A leading expert on Russia’s prison system, Olga Romanova, says the Kremlin’s latest recruiting tactic in the war against Ukraine is something from her “worst nightmares.”
Yevgeny Prigozhin – the head of Vladimir Putin’s shadowy private army, the Wagner Group – has made trips to Russian prison camps to recruit convicted criminals to fight in Ukraine, according to reports by military analysts and videos that have appeared on Telegram from Russian prisons.
And according to Romanova, who has devoted the past 15 years of her life to monitoring Russia’s prison population as head of the Russia Behind Bars organization, the recruiting campaign is targeting some of Russia’s “worst criminals.”
“Putin plans to recruit at least 50,000 convicts and Prigozhin, who is himself an ex-con, has already sent more than 3,000” prisoners to Ukraine, including “serial killers, robbers and at least one cannibal,” Romanova told The Daily Beast. .
As part of their work, Russia Behind Bars provides legal and charitable assistance to Russia’s half-million prison populations, and often interacts with the families of inmates. Romanova told The Daily Beast that as early as June they started hearing reports of prison recruits being sent to Ukraine. “Riding through prisons in the central part of Russia in July and August, they traveled to the Urals yesterday, [which] has more than 35 prison camps and prisons.”
On September 3, Romanova’s team said they were shocked to recognize a prisoner they had worked with in a video released by Ukrainian officials of a captured Russian fighter. According to Romanova, he was still wearing some of the undergarments that the organization had provided him as part of an aid package.
Beaten and bloodied with his hands tied, the man was picked up and said there were “ashniks” – free civilian recruits – and “kashniks” – Russian convicts – fighting in Ukraine. “We’re not a battalion, we’re just a bunch of people. Wagner took us… showed us what to do, but you can’t learn it in a week,” said the prisoner, who Ramonova said was sentenced to nine years in prison before being sent to Ukraine to fight in the video.
A lawyer for Russia Behind Bars, Ruslan Vakhapov, said the Wagner Group has visited at least three prisons in Russia’s Yaroslavl region. “Originally, Wagner mainly grabbed those convicted of manslaughter – Penal Code Article #105 – and theft – Article 162. But now their fishing net takes everyone, including man-eaters. So far, we know of one case of recruitment among Russian cannibals,” Vakhapov told The Daily Beast.
“It’s time to investigate this phenomenon now, before recruiting in orphanages.”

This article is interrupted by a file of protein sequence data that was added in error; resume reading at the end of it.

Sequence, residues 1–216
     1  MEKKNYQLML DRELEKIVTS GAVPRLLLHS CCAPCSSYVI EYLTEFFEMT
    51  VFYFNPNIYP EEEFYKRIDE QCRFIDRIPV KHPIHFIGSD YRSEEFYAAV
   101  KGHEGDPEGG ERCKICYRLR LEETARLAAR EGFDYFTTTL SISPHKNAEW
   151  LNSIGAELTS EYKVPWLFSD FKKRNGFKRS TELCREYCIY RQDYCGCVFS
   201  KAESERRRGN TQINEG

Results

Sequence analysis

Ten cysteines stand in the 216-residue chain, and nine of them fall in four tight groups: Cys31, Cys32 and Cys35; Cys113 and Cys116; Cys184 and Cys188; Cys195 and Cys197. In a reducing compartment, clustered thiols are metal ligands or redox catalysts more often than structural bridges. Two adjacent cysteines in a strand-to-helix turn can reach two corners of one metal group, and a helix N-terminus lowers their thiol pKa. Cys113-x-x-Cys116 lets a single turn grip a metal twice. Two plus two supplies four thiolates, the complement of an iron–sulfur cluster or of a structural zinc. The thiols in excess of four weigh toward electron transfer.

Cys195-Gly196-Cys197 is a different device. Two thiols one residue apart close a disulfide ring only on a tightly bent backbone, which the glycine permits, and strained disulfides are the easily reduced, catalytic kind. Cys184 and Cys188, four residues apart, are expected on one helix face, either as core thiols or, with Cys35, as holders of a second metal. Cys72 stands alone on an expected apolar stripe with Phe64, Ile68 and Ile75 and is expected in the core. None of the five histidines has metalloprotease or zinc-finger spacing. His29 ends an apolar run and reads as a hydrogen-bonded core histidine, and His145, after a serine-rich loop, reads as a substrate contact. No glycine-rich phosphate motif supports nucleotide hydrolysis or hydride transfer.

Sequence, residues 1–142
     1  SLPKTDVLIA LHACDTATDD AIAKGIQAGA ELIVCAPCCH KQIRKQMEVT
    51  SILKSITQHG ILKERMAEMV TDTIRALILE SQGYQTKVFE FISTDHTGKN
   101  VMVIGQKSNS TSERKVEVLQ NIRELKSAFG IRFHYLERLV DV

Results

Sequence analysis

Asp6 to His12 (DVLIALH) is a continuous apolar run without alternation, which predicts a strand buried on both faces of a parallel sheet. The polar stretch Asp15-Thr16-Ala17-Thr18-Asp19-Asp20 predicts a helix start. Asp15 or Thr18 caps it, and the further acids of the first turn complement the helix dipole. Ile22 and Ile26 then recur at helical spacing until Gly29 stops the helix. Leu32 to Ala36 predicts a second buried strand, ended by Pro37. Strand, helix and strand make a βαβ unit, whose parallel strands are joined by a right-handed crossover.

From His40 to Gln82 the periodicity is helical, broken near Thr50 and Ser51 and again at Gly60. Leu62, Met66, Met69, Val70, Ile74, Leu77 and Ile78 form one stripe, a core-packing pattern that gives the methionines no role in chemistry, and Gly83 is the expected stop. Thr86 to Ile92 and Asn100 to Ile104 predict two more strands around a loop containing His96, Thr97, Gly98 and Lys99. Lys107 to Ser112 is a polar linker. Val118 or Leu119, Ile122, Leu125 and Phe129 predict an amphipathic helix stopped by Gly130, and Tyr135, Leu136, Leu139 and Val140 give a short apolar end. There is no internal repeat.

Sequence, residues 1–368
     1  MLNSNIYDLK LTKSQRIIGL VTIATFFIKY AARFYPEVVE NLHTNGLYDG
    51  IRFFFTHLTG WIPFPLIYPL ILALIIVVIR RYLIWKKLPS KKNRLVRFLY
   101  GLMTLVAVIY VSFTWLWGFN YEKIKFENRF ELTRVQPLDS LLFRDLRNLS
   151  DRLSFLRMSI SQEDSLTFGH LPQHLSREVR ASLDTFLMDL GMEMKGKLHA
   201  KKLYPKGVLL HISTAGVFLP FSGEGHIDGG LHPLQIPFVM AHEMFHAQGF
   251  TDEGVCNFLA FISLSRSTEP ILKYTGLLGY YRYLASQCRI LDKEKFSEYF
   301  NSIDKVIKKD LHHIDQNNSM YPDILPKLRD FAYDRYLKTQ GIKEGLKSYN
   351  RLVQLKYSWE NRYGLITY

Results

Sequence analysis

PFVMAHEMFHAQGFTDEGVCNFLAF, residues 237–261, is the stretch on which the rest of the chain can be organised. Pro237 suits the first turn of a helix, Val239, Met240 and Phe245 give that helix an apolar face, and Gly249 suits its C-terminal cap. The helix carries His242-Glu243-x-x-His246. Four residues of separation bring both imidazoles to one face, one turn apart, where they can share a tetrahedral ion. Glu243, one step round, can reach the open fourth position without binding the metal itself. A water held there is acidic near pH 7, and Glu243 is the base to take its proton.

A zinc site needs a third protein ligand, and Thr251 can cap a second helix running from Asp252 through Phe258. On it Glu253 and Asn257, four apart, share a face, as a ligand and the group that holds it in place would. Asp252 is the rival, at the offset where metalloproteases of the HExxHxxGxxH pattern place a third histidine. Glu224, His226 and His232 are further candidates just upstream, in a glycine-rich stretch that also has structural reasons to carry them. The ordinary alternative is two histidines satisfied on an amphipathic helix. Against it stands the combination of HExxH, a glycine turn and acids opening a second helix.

“The darkest characters go to Ukraine,” he added. “I just spoke to the wife of a serial killer who was convicted in Kostroma. He was supposed to spend another five years behind bars, but Wagner had released him, so the woman was terrified that he [come back] and attack her because she filed for divorce.”
Vakhapova and Romanova told The Daily Beast that since late June, Russia Behind Bars has received a torrent of panicked calls from convicts in remote prison camps and their relatives discussing war recruitment. According to them, Prigozhin, known as ‘Putin’s chief’, has promised freedom to the convicts after serving on the front lines for six months.
“Virtually all the killers we have have been recruited and they are dying like flies in Ukraine. Of the first 42 convicts recruited into the first group, only three survived, of the second group of 66 convicts, only six returned, including one who had lost his arm,” Romanova told The Daily Beast.
In Ukraine, Prigozin’s army is often referred to as an “army of orcs and goblins”, a reference to Lord of the Rings.
“By arming these goblins and sending psychos and maniacs to the front, Putin is showing the weakness of his army, which is losing heavily,” Anton Naumlyuk, founder of Ukrainian media group Graty, told The Daily Beast.
Officially, Russian law prohibits private military campaigns, but Putin regularly seduces private mercenaries from the Wagner Group for their covert operations in Africa, the Middle East and Ukraine. Wagner Group conducted its first operations in the Donbas region of eastern Ukraine in 2015.
“This phenomenon … needs to be discussed widely, as it illustrates the core of Russian power,” a veteran of the Wagner Group, Marat Gabidullin, told The Daily Beast. “Prigozhin has unlimited authority, he can kick open a door to any prison colony. It is time to investigate this phenomenon now, before they start recruiting in orphanages.”